The area has become a local tourist attraction and it is quite something to see so many noisy and beautiful swans up close. But the MN DNR as well as others noticed that an entire population of swans wasn’t migrating and that the birds could be at risk if there was a disease outbreak. They ordered the Swan Lady to stop feeding…and swans started dying. The feeding had to continue. Trumpeter Swans teach the migratory route to their young. Generation after generation of swans have learned the route ends in Monticello, MN and don’t know exactly where to go or where to find food. So the feeding continue. Alas, the Swan Lady died and though her husband vows to continue, who will take up the torch of a ton of corn a day when he dies? The city of Monticello? The DNR? Your tax dollars? Should Trumpeter Swans be consuming that much corn (and will it be good for them in the long run as the protein content of corn is lowered by growers every year? Will it be sustainably nutritious for them in the years to come (but the nutritional value of corn is a completely different blog post topic)?
Another example would be the Eagle Lady in Alaska. Jean Keane lived in Home and one day she noticed a couple of eagles near her home, started to put out some fish for them and then several years later she’s a hot tourist attraction using a stockpile of freezer burned fish from a local company to feed over 200 Bald Eagles a day. It was a great way to get photos but many residents felt the eagles were a nuisance–having cleaned out my fair share of Bald Eagle traveling cranes, I can’t say that I blame them. The Eagle Lady has also died and now the town bans the feeding of eagles and other birds.
So I offer you this word of advice if you are curious if you are feeding birds too much. Do neighbors refer to you as bird species + Lady or Guy? Are you the local Goose Lady? Duck Dude? Grackle Guy? You may have a problem feeding birds and need to seek some sort of 12 step program. Birds definitely need our help when it comes to habitat preservation, but attracting hoards of birds is not the way.
That’s a shame about the swans starving in Minnesota. Obviously the best solution would be to somehow teach them to migrate farther, but I have no idea how one would go about doing that. We know how to teach young birds a new route if we raise them ourselves, but can we teach old birds new tricks? I also don’t know enough about the historical migration pattern of eastern Trumpeter Swans to say where they *should* be going, but somewhere farther south I’m sure there is open water and natural food, or at least man-made food that isn’t so concentrated (e.g. waste corn in fields).
This is part of the reason I like having a large garden of native plants in addition to a bird feeder. Even if the feeder goes empty for a couple of days, the birds have food (and cover) that they’ve evolved to benefit from. So I see feeding the birds as being supplementing their food and attracting them to spots that are easier for viewing.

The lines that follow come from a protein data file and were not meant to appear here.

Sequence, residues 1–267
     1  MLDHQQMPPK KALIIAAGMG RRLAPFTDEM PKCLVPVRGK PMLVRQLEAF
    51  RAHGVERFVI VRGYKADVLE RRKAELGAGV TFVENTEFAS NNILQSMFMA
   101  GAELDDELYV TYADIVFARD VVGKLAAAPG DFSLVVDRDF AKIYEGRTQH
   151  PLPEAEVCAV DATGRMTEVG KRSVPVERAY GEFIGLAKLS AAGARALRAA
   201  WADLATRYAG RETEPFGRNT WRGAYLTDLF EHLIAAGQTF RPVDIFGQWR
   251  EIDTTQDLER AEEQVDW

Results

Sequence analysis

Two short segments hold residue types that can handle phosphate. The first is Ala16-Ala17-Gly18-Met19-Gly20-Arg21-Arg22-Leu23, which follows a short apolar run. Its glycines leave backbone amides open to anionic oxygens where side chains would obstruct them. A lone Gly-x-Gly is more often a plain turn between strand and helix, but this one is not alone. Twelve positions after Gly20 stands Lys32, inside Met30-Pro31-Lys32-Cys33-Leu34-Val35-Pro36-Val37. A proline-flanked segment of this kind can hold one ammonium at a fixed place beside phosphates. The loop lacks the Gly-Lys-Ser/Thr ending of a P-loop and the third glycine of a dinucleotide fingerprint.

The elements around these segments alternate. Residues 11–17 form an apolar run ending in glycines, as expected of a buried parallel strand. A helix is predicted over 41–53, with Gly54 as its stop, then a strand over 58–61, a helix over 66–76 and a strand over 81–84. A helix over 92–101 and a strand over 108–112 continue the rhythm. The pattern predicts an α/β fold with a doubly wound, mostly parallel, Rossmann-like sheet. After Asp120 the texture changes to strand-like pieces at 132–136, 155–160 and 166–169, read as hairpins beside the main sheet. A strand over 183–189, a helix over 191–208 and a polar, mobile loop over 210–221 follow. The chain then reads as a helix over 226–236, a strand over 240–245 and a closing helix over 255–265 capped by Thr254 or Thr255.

I think you mean hordes, not hoards.
I’m angling to become known as the Eskimo Curlew Man, but it’s not working out.
It’s sad that so many things must become a law to make people think (and even then it obviously doesn’t work all the time).
The seed story reminded me of a man I saw in Korea, surrounded by pigeons and emptying a bag slowly. So surreal.
@Kirby: once the first Eskimo curlew shows up, I’ll sponsor your curlew food! Drop me a note WHILE THE BIRD IS STILL AT YOUR FEEDING STATION!
Trust me Kirby, once the Eskimo Curlews start showing up they completely take over the feeder, they’re bullies. And before you know it your grocery bills skyrock, and that’s just from having to feed Jochen.
About feeding wildlife: several years ago I was feeding deer in our backyard during a bad winter. It was fun to watch them at dawn congregate by the trough we had sat out, also saw how the big ones bullied the yearlings away from the feed – not so nice. But then I learned that a deer’s stomach changes in the winter to be able to digest twigs and feeding them prevents this change. So, beware of unintended consequences.
This is a very informative article. However, if you will utilize the bird feeders efficiently, chances are that you will prevent the occurrence of frenzy among your birds. In the main, the success of bird feeding depends on the location of the bird feeders and the wildlife’s place as well, which is why it is substantial to evaluate these two before you finalize your decisions concerning bird feeding.